Teen vaping: As government looks at restrictions experts say epidemic is driven by flavors

The Trump administration is making some bold moves to address the e-cigarette epidemic among teens.

They're proposing a ban on flavorings used in e-cigarettes.

Doctors and other health advocates have been asking the government to crack down on flavored vaping liquids because of the appeal to those under 18.

When 17-year-old Jennyfer Cortez was in middle school, friends convinced her to try an e-cigarette. The blueberry-scented aerosol drew her in. But as soon as she inhaled:

"Immediately after one hit, my lungs and throat were burning. I didn't enjoy it so after one hit, I said no," she said, "I feel like it was peer pressure."

That was enough to convince Cortez not to try it again, but many of her classmates continue to vape.

Many are lured in by the flavorings that taste like cotton candy or mango. New research from the American Heart Association reveals those sweet smells are what motivate people to start e-cigarettes.

Emergency medicine physician Dr. Jessica Sims with the American Heart Association said: "They like to try new things. That's just the nature of teenagers. They're still developing, they're still testing their boundaries. And when they're testing their boundaries in this way, they get hooked."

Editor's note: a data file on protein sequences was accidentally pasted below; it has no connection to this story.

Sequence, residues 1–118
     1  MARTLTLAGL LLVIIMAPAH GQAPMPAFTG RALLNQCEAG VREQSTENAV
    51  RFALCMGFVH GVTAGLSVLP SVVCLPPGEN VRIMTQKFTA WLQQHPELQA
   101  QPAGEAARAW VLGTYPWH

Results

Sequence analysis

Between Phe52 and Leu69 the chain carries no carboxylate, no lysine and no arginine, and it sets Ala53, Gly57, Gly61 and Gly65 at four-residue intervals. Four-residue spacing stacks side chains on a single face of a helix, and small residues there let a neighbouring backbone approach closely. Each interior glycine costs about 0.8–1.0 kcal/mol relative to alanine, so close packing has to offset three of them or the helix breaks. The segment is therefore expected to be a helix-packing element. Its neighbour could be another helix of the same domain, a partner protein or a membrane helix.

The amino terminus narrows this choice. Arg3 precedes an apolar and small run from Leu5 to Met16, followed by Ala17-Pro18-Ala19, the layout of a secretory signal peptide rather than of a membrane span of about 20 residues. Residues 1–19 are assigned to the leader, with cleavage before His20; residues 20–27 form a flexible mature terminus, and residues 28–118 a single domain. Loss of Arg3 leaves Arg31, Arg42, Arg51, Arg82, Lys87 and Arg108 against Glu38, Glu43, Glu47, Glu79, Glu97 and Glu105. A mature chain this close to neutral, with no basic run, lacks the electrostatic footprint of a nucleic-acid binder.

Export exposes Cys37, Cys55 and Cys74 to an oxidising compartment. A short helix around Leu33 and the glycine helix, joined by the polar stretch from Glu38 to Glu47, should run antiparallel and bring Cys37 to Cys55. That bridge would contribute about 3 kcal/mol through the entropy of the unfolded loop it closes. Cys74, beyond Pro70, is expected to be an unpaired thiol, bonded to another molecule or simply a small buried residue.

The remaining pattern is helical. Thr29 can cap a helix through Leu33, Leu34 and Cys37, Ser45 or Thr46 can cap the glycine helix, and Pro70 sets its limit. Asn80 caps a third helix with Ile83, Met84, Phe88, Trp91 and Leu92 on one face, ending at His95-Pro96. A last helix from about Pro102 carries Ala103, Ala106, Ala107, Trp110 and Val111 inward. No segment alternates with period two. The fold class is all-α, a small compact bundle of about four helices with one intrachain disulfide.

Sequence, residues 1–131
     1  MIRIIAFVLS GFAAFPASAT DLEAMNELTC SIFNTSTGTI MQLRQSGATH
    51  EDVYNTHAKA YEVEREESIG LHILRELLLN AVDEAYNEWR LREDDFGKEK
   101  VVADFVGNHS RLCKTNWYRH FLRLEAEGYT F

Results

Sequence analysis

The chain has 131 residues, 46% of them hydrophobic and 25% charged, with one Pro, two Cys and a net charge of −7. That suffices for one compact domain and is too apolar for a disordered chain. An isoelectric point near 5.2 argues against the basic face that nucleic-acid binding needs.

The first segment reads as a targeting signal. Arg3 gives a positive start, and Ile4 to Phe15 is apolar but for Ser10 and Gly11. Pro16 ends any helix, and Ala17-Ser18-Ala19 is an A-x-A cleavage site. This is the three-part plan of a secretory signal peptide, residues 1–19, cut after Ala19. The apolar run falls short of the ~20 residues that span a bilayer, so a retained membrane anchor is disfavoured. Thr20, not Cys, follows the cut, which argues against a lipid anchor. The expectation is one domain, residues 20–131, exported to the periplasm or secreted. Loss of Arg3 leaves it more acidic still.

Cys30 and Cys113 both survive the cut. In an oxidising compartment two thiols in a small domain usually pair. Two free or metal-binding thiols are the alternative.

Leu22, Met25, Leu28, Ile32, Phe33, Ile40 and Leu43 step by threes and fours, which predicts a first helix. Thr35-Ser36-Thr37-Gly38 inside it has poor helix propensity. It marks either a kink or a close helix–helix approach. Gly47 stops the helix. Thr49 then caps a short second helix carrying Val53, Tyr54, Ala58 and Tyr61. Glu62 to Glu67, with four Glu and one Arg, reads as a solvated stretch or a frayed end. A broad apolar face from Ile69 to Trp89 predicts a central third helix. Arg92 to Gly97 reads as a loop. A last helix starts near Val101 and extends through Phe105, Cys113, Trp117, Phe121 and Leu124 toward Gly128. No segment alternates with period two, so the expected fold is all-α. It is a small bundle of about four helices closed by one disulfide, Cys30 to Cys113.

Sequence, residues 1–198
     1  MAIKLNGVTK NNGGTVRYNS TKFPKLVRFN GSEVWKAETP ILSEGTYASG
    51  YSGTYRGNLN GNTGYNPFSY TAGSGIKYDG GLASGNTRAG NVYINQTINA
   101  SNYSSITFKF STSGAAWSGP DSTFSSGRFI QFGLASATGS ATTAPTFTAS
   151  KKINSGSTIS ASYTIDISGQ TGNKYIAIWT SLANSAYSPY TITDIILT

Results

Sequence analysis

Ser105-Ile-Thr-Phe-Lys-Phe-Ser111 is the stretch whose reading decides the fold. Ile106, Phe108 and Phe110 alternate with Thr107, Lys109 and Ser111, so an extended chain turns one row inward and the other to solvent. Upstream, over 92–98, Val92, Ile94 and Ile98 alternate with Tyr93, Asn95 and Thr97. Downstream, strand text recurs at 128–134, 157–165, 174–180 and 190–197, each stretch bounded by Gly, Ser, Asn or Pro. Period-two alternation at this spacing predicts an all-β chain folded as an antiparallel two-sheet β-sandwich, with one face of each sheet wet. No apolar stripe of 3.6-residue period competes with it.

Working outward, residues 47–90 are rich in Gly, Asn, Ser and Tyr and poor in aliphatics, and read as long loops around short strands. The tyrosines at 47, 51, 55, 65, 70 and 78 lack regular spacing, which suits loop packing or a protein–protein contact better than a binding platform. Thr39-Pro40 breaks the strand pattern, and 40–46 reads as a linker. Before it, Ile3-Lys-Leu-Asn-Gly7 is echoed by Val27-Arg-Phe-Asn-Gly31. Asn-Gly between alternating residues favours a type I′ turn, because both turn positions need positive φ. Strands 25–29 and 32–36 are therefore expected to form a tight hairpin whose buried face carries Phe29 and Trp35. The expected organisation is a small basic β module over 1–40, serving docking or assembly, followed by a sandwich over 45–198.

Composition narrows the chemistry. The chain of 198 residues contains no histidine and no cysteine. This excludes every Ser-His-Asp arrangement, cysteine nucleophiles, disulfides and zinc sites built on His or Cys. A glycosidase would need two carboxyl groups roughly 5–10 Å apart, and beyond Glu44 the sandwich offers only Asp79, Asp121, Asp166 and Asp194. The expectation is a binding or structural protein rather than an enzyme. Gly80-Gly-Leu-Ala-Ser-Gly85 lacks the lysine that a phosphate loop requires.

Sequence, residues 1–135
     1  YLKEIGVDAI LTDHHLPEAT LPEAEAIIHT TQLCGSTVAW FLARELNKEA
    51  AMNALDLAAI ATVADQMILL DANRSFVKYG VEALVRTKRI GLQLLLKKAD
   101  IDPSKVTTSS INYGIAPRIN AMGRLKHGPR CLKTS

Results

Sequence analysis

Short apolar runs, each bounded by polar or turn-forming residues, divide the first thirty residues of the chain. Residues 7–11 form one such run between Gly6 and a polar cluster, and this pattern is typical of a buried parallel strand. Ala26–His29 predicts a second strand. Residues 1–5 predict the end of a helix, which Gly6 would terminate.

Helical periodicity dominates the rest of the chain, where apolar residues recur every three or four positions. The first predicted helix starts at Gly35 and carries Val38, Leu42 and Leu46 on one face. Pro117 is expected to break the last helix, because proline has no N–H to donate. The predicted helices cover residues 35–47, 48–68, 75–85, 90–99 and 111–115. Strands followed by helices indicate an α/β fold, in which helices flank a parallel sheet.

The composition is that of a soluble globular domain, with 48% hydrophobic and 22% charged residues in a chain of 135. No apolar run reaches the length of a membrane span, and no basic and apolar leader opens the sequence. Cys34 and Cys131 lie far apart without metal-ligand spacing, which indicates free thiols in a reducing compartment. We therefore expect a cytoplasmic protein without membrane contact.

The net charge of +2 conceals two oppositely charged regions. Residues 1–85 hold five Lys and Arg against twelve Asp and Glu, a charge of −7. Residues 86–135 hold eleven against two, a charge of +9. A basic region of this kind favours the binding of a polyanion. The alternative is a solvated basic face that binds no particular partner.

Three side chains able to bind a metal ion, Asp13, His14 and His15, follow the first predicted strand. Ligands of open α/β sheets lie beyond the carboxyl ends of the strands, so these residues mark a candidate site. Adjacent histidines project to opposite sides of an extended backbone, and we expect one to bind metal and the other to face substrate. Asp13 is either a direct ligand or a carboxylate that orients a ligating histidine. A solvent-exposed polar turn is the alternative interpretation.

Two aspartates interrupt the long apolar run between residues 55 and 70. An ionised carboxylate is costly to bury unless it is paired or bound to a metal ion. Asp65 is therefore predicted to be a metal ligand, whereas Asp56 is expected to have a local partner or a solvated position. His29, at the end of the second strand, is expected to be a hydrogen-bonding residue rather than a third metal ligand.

Now comes the Trump administration's announcement proposing to ban thousands of flavors used in vaping devices.

The FDA will develop guidelines to remove all e-cigarette flavors except tobacco from the market.

The American Vaping Association believes destroying thousands of small businesses will only strengthen underground sales activity.

The AVA says "A flavor ban will only lead to the creation of yet another multi-billion dollar black market that will operate with zero safety controls."

Sims is pleased the administration is taking urgent steps.

"The lungs are one of the few parts of the body that has direct exposure to the outside so you have to be careful about what you expose it to," she said.

The flavorings in vaping liquids may be safe to ingest but not to inhale. Dr. Sims says it's like water: It's OK to drink, but once you inhale it, you drown.

"Ingesting something is not the same as inhaling something," Sims said.

Cortez said, "At school I see kids vape. I see them vape in the restroom, the locker room, the gym, and the weight room."

She hopes the ban will help many of her classmates quit vaping before it's too late.
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